Foreign exchange rate impact is calculated by translating the current period’s local currency revenue using the prior period average exchange rates to derive current period constant currency revenue (in this case $3,590.9 million for the Total column). The foreign exchange impact is the difference between the current period revenue in U.S. Dollars and the current period constant currency revenue ($3,468.9 million less $3,590.9 million for the Total column).
Acquisition revenue is calculated as if the acquisition occurred twelve months prior to the acquisition date by aggregating the comparable prior period revenue of acquisitions through the acquisition date. As a result, acquisition revenue excludes the positive or negative difference between our current period revenue subsequent to the acquisition date and the comparable prior period revenue and the positive or negative growth after the acquisition is attributed to organic growth. Disposition revenue is calculated as if the disposition occurred twelve months prior to the disposition date by aggregating the comparable prior period revenue of dispositions through the disposition date. The acquisition revenue and disposition revenue amounts are netted in the table.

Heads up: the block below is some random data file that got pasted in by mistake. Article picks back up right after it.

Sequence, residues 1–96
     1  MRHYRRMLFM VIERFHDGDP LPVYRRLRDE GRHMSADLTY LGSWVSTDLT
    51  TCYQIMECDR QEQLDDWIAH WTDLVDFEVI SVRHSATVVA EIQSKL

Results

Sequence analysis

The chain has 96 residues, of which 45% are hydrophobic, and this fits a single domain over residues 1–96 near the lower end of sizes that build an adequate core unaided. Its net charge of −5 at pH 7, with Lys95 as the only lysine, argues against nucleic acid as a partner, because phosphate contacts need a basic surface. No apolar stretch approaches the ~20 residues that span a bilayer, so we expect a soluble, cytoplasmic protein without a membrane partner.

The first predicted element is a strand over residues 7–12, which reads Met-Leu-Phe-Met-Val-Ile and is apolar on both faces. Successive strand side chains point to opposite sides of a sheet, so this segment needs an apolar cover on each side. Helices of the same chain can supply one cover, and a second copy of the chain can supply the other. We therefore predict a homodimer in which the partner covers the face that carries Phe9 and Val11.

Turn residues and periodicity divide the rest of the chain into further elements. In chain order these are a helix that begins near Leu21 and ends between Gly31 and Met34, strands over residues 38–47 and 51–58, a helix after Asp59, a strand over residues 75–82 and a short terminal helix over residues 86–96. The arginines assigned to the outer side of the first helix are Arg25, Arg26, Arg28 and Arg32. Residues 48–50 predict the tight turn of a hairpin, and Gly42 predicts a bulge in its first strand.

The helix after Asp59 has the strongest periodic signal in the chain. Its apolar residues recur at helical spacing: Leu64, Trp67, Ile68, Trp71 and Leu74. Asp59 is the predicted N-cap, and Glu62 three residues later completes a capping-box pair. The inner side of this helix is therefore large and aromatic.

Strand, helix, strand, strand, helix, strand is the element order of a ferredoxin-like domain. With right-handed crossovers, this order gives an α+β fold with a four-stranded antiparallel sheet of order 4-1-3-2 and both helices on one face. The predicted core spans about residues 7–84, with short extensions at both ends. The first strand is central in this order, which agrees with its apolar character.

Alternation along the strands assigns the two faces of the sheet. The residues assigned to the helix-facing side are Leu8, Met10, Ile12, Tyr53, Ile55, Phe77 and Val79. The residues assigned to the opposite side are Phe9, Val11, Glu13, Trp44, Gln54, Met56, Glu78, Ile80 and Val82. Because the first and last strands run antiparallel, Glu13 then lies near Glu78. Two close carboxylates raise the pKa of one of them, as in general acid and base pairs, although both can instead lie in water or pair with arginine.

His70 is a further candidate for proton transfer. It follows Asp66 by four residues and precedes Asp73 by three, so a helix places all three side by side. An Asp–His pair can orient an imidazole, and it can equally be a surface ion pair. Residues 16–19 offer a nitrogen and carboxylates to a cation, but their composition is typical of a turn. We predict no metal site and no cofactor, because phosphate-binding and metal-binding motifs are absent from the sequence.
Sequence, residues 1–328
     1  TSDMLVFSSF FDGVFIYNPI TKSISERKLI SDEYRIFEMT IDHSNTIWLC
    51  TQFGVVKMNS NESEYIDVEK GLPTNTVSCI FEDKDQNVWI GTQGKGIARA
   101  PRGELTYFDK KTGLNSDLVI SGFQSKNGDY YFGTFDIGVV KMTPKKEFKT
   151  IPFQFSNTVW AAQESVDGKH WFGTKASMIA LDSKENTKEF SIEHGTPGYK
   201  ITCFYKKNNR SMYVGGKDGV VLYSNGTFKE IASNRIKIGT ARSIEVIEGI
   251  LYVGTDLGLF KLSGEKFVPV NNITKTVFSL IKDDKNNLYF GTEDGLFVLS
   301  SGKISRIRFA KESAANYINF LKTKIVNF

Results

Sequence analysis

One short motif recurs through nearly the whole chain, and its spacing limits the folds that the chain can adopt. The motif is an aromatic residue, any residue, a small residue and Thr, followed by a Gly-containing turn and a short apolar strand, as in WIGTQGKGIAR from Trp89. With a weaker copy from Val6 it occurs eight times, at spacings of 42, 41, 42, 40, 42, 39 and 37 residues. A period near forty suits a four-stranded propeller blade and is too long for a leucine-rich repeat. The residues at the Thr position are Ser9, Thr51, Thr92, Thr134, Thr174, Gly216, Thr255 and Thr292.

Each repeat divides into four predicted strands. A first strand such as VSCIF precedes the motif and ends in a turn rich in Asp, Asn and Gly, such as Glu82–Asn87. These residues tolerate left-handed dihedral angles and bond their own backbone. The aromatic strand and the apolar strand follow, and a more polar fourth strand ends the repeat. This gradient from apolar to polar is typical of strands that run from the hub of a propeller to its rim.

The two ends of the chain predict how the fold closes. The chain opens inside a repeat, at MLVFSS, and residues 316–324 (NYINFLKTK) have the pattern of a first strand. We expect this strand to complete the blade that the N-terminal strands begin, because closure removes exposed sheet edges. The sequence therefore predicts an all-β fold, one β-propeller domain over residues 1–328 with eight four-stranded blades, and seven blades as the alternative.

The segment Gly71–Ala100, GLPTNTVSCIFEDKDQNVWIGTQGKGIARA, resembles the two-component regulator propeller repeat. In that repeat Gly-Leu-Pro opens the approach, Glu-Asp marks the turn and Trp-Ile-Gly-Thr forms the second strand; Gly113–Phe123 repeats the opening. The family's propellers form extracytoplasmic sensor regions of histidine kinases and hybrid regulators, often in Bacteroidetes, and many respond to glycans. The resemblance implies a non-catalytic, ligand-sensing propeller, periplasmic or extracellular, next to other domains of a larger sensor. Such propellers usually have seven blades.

Organic growth is calculated by subtracting the foreign exchange rate impact, and the acquisition revenue, net of disposition revenue components from total revenue growth.
The percentage change is calculated by dividing the individual component amount by the prior period revenue base of that component ($3,629.6 million for the Total column).
Changes in the value of foreign currencies against the U.S. Dollar affect our results of operations and financial position. For the most part, because the revenue and expense of our foreign operations are both denominated in the same local currency, the economic impact on operating margin is minimized. Assuming exchange rates at April 15, 2019 remain unchanged, we expect the impact of changes in foreign exchange rates to reduce revenue by approximately 1.5% for the year and 2.5% in the second quarter.